The League of Nations, established at the end of
World War I, was unable to act in the face of the
Japanese defiance. The Japanese began to push from
south of the Great Wall into northern China and
into the coastal provinces. Chinese fury against
Japan was predictable, but anger was also directed
against the Guomindang government, which at the
time was more preoccupied with anti-Communist
extermination campaigns than with resisting the
Japanese invaders. The importance of “internal
unity before external danger” was forcefully
brought home in December 1936, when Nationalist
troops (who had been ousted from Manchuria by the
Japanese) mutinied at Xi’an ( ). The mutineers
forcibly detained Chiang Kai-shek for several days
until he agreed to cease hostilities against the
Communist forces in northwest China and to assign
Communist units combat duties in designated
anti-Japanese front areas.

The Chinese resistance
stiffened after July 7, 1937, when a clash
occurred between Chinese and Japanese troops
outside Beijing (then renamed Beiping ) near the
Marco Polo Bridge. This skirmish not only marked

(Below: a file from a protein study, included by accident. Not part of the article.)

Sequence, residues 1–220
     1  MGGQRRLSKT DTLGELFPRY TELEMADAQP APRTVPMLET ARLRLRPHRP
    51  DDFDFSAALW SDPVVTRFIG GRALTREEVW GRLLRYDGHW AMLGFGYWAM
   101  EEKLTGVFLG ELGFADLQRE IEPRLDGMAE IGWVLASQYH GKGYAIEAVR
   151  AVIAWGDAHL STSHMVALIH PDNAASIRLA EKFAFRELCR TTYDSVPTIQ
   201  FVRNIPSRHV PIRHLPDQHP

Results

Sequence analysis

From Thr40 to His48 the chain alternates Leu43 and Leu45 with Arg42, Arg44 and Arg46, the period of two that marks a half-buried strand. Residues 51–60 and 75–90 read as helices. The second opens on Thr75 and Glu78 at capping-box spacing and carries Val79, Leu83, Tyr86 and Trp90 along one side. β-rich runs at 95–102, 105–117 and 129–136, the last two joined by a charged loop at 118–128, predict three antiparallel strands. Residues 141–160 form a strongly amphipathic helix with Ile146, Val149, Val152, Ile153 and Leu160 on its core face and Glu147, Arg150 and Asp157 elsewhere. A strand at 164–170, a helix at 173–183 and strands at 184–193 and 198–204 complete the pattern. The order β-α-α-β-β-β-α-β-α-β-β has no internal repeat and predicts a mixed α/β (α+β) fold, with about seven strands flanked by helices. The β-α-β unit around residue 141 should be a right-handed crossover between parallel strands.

the beginning of open, though undeclared, war
between China and Japan but also hastened the
formal announcement of the second Guomindang-CCP
united front against Japan. The collaboration took
place with salutary effects for the beleaguered
CCP. The distrust between the two parties,
however, was scarcely veiled. The uneasy alliance
began to break down after late 1938, despite
Japan’s steady territorial gains in northern
China, the coastal regions, and the rich Chang
Jiang ( ) Valley in central China. After 1940,
conflicts between the Nationalists and Communists
became more frequent in the areas not under
Japanese control.

The Communists expanded their
influence wherever opportunities presented
themselves through mass organizations,
administrative reforms, and the land- and
tax-reform measures favoring the peasants–while
the Nationalists attempted to neutralize the
spread of Communist influence. At Yan’an () and
elsewhere in the “liberated areas,” Mao was able
to adapt Marxism-Leninism to Chinese conditions.
He taught party cadres to lead the masses by
living and working with them, eating their food,
and thinking their thoughts. The Red Army fostered
an image of conducting guerrilla warfare in
defense of the people. Communist troops adapted to
changing wartime conditions and became a seasoned
fighting force. Mao also began preparing for the
establishment of a new China. In 1940 he outlined